Private Keys for Cryptocurrency

Should you keep your business private?

Asymmetric key algorithms use a pair of keys —or keypair— a public key and a private one. Public keys are used for encryption or signature verification; private ones decrypt and sign. The design is such that finding out the private key is extremely difficult, even if the corresponding public key is known. As that design involves lengthy computations, a keypair is often used to exchange an on-the-fly symmetric key, which will only be used for the current session.

Online private keys verse offline private keys

An offline private key is a cryptographic key that is not stored on a network-connected medium. The key can be used to decrypt archive or backup data. The key can be the result of an offline private key protocol. In printed form the key can be a trusted paper key.

The offline private key protocol (OPKP) is a cryptographic protocol to prevent unauthorized access to back up or archive data. The protocol results in a public key that can be used to encrypt data and an offline private key that can later be used to decrypt that data. The protocol is based on three rules regarding the key.

An offline private key should:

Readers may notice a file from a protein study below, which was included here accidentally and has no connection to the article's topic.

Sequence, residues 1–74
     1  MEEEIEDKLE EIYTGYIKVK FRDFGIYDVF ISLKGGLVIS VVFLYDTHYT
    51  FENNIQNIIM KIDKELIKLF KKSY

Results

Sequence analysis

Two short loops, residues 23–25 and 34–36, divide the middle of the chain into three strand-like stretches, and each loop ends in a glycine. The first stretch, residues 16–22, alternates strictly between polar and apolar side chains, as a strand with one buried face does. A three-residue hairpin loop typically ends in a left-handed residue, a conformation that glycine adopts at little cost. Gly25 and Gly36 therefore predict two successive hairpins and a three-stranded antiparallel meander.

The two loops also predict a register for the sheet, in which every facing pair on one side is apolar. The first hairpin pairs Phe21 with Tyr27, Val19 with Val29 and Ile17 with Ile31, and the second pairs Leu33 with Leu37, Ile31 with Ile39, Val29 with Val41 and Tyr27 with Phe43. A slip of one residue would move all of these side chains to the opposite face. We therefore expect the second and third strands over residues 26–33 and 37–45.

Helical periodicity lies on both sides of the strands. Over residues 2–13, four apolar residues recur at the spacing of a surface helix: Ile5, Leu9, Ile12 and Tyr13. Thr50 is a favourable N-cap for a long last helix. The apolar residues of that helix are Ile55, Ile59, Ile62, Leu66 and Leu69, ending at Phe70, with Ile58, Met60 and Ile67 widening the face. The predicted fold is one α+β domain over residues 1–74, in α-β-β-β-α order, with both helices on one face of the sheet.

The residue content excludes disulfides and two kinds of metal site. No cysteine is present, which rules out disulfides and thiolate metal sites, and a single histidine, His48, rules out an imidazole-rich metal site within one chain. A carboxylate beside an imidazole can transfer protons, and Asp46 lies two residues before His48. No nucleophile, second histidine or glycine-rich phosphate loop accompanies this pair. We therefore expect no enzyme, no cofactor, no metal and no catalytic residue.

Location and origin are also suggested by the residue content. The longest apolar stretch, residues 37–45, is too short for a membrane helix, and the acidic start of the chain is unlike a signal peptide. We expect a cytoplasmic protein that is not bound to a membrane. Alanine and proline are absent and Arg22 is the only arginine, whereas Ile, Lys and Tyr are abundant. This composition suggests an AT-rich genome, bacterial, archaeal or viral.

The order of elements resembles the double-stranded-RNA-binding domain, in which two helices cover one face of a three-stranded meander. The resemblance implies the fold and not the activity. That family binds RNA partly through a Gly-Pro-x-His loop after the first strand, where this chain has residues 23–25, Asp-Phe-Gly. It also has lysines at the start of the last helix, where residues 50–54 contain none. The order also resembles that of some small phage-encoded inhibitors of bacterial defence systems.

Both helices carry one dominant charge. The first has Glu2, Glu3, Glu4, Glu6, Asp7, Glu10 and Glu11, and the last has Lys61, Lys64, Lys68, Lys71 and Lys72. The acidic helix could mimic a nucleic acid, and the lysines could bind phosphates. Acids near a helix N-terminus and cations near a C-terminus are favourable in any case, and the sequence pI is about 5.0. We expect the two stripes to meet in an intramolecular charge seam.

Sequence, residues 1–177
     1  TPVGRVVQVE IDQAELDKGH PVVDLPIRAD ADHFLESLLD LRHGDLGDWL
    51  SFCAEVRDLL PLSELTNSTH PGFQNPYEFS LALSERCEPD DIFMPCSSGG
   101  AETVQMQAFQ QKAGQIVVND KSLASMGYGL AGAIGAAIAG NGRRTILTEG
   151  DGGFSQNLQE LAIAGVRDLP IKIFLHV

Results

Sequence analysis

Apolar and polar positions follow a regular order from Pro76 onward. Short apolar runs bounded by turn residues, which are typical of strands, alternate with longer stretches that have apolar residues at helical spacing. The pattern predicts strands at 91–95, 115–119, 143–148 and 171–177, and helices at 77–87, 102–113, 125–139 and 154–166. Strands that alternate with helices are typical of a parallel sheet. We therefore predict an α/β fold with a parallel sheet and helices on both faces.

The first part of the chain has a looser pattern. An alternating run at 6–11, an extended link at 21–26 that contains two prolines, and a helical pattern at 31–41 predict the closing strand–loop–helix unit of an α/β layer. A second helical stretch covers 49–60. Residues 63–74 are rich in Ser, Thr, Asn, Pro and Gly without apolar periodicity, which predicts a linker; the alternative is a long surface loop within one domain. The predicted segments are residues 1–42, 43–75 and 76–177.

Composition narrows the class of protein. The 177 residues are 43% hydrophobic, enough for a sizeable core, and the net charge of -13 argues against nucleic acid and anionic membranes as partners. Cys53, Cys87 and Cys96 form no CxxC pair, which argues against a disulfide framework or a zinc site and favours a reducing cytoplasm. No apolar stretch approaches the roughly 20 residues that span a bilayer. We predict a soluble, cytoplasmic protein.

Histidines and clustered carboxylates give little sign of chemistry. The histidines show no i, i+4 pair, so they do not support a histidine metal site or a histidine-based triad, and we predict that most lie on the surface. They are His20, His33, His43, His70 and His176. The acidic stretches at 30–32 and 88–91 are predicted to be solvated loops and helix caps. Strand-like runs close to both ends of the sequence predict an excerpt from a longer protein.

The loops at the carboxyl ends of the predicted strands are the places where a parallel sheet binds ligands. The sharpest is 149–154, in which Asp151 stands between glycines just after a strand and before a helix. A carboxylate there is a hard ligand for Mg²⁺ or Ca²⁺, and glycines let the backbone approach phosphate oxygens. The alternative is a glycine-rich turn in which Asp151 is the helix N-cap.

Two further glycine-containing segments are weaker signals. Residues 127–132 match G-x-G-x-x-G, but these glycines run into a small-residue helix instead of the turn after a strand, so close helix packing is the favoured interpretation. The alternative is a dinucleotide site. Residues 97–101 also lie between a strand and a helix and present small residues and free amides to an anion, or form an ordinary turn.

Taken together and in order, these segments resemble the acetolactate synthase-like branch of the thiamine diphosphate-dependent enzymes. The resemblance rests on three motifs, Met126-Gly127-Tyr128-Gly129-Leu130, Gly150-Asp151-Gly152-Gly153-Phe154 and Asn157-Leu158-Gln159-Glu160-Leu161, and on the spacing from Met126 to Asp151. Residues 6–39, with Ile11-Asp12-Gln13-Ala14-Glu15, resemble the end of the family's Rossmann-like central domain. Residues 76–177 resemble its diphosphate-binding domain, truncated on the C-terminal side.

1. not be stored with the encrypted data (obviously).

  2. not be kept by the organisation that physically stores the encrypted data, to ensure privacy.

  3. not be stored at the same system as the original data, to avoid the possibility that theft of only the private key would give access to all data at the storage provider; and to avoid that when the key would be needed to restore a backup, the key would be lost together with the data loss that made the restore necessary in the first place.

  4. If their was a 4th rule to follow, it would be don't give your private key to "bad people".

You may want to also learn about Key Wrap constructions.

Cryptocurrency Keys

Public Cryptocurreny Keys

Ripple Banking

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